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Poll
Question: Which phrase do you prefer?
Steampunk - 87 (96.7%)
Steampunker - 3 (3.3%)
Total Voters: 88

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Author Topic: Steampunk or Steampunker  (Read 11557 times)
Just call me Rob
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« on: July 26, 2011, 10:25:40 am »

For a bit of Tuesday fun.
Which do you prefer?

Are people involved in steampunk called steampunkers, just as those who like Rock are called Rockers?
Or
Are people involved in steampunk called steampunks, just as those who like Goth are called Goths?

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« Reply #1 on: July 26, 2011, 10:41:14 am »

Defiantly .... Steampunks!
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Matthias Gladstone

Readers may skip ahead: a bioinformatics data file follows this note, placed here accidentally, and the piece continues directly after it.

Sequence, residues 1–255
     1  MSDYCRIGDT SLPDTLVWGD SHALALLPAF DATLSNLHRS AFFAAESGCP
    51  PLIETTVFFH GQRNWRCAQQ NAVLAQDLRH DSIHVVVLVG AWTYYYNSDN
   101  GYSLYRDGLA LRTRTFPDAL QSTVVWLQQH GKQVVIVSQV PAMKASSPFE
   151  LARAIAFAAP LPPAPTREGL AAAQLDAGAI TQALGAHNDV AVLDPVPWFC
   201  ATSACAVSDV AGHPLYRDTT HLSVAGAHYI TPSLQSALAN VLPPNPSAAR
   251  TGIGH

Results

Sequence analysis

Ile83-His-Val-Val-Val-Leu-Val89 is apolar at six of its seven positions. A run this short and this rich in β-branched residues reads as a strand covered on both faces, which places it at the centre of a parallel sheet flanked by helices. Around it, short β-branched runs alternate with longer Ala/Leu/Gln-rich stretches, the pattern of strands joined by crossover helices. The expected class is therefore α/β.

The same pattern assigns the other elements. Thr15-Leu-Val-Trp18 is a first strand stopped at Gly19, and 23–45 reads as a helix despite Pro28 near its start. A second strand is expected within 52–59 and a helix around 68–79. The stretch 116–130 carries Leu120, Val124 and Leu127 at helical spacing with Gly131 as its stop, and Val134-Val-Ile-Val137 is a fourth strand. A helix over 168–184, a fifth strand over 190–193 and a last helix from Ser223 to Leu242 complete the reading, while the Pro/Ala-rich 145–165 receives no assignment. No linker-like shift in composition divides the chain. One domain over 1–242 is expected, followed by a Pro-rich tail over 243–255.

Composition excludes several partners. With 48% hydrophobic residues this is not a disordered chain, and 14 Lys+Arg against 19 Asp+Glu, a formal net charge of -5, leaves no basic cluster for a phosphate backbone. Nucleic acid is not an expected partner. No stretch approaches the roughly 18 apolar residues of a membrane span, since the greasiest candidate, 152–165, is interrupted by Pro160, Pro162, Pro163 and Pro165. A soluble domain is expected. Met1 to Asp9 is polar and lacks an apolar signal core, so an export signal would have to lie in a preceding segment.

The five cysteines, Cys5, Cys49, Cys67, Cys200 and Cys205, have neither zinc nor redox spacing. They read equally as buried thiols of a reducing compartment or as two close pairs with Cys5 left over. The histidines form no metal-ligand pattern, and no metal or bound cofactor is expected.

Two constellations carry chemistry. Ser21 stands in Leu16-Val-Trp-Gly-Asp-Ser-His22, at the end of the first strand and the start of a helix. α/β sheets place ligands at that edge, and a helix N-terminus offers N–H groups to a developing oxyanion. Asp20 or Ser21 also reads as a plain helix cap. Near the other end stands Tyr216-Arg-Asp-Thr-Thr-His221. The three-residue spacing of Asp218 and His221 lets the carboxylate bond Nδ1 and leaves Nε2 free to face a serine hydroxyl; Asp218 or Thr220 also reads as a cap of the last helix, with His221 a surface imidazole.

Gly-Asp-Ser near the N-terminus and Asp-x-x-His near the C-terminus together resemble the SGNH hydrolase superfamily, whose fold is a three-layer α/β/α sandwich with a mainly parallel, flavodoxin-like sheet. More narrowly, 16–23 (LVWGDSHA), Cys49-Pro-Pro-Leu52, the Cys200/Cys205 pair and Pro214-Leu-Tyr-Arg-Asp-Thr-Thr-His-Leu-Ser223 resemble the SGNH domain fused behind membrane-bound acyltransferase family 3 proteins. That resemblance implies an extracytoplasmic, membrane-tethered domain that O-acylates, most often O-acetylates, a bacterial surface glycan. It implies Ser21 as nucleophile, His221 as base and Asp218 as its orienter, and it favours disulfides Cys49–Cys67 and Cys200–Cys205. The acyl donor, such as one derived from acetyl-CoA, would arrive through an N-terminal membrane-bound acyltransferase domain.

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« Reply #2 on: July 26, 2011, 10:47:54 am »

Steampunk, the term "steampunker" really gets on my nerves for some reason.
-Matt
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J. Wilhelm
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« Reply #3 on: July 26, 2011, 11:00:23 am »

"Steampunk" is better.  When speaking Spanish we are calling ourselves "Steamers."

JW
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Angelica Needle
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« Reply #4 on: July 26, 2011, 11:04:12 am »

Steampunk, the term "steampunker" really gets on my nerves for some reason.
-Matt

Yeah, me too! I don't know why, but 'punker' just sounds odd & silly.
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Dr Fidelius
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« Reply #5 on: July 26, 2011, 11:08:22 am »

The capitalization is important.  Those who are fans of the steampunk aesthetic and stories are Steampunks.  It is something we are, not just something we do.

And I fully realize how pretentious that sounds.
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« Reply #6 on: July 26, 2011, 11:13:19 am »